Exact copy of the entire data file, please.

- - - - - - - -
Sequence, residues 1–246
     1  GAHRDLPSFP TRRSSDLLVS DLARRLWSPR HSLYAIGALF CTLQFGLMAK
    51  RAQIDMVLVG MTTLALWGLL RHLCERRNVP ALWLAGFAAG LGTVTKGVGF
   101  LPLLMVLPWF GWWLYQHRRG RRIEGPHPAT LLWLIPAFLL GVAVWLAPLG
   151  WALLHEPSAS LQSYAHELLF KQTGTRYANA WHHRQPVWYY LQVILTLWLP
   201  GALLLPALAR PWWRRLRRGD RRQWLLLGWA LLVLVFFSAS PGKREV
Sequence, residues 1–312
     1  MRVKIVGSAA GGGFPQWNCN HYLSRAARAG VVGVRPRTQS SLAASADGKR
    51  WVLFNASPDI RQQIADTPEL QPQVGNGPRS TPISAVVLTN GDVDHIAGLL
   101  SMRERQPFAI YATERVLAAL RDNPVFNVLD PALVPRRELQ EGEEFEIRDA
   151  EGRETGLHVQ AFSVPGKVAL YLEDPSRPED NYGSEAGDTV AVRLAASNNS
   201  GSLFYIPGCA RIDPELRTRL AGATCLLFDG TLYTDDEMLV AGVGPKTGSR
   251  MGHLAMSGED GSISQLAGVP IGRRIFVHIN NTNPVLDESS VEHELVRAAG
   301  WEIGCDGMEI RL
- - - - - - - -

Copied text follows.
Sequence, residues 1–246
     1  GAHRDLPSFP TRRSSDLLVS DLARRLWSPR HSLYAIGALF CTLQFGLMAK
    51  RAQIDMVLVG MTTLALWGLL RHLCERRNVP ALWLAGFAAG LGTVTKGVGF
   101  LPLLMVLPWF GWWLYQHRRG RRIEGPHPAT LLWLIPAFLL GVAVWLAPLG
   151  WALLHEPSAS LQSYAHELLF KQTGTRYANA WHHRQPVWYY LQVILTLWLP
   201  GALLLPALAR PWWRRLRRGD RRQWLLLGWA LLVLVFFSAS PGKREV
Sequence, residues 1–312
     1  MRVKIVGSAA GGGFPQWNCN HYLSRAARAG VVGVRPRTQS SLAASADGKR
    51  WVLFNASPDI RQQIADTPEL QPQVGNGPRS TPISAVVLTN GDVDHIAGLL
   101  SMRERQPFAI YATERVLAAL RDNPVFNVLD PALVPRRELQ EGEEFEIRDA
   151  EGRETGLHVQ AFSVPGKVAL YLEDPSRPED NYGSEAGDTV AVRLAASNNS
   201  GSLFYIPGCA RIDPELRTRL AGATCLLFDG TLYTDDEMLV AGVGPKTGSR
   251  MGHLAMSGED GSISQLAGVP IGRRIFVHIN NTNPVLDESS VEHELVRAAG
   301  WEIGCDGMEI RL